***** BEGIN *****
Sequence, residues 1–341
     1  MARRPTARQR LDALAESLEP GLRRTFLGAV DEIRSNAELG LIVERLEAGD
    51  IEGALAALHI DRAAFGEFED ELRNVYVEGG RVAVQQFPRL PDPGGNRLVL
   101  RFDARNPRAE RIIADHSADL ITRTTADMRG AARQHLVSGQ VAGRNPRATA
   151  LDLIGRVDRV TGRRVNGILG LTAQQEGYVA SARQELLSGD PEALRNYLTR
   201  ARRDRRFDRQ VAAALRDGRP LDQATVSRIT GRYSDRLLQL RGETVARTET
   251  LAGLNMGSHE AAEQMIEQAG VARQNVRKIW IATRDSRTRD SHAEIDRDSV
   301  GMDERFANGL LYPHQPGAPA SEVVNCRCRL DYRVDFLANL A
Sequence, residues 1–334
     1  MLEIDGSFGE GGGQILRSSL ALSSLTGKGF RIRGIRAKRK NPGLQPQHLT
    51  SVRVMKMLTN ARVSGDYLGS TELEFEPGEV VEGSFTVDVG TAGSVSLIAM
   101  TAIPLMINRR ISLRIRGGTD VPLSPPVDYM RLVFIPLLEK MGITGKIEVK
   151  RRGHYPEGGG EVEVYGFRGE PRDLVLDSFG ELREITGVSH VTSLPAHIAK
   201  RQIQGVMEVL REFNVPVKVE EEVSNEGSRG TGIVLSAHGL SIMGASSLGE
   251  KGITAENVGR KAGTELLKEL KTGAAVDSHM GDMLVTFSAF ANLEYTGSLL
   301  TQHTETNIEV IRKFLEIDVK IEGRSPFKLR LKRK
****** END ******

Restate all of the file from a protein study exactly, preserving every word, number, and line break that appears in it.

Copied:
Sequence, residues 1–341
     1  MARRPTARQR LDALAESLEP GLRRTFLGAV DEIRSNAELG LIVERLEAGD
    51  IEGALAALHI DRAAFGEFED ELRNVYVEGG RVAVQQFPRL PDPGGNRLVL
   101  RFDARNPRAE RIIADHSADL ITRTTADMRG AARQHLVSGQ VAGRNPRATA
   151  LDLIGRVDRV TGRRVNGILG LTAQQEGYVA SARQELLSGD PEALRNYLTR
   201  ARRDRRFDRQ VAAALRDGRP LDQATVSRIT GRYSDRLLQL RGETVARTET
   251  LAGLNMGSHE AAEQMIEQAG VARQNVRKIW IATRDSRTRD SHAEIDRDSV
   301  GMDERFANGL LYPHQPGAPA SEVVNCRCRL DYRVDFLANL A
Sequence, residues 1–334
     1  MLEIDGSFGE GGGQILRSSL ALSSLTGKGF RIRGIRAKRK NPGLQPQHLT
    51  SVRVMKMLTN ARVSGDYLGS TELEFEPGEV VEGSFTVDVG TAGSVSLIAM
   101  TAIPLMINRR ISLRIRGGTD VPLSPPVDYM RLVFIPLLEK MGITGKIEVK
   151  RRGHYPEGGG EVEVYGFRGE PRDLVLDSFG ELREITGVSH VTSLPAHIAK
   201  RQIQGVMEVL REFNVPVKVE EEVSNEGSRG TGIVLSAHGL SIMGASSLGE
   251  KGITAENVGR KAGTELLKEL KTGAAVDSHM GDMLVTFSAF ANLEYTGSLL
   301  TQHTETNIEV IRKFLEIDVK IEGRSPFKLR LKRK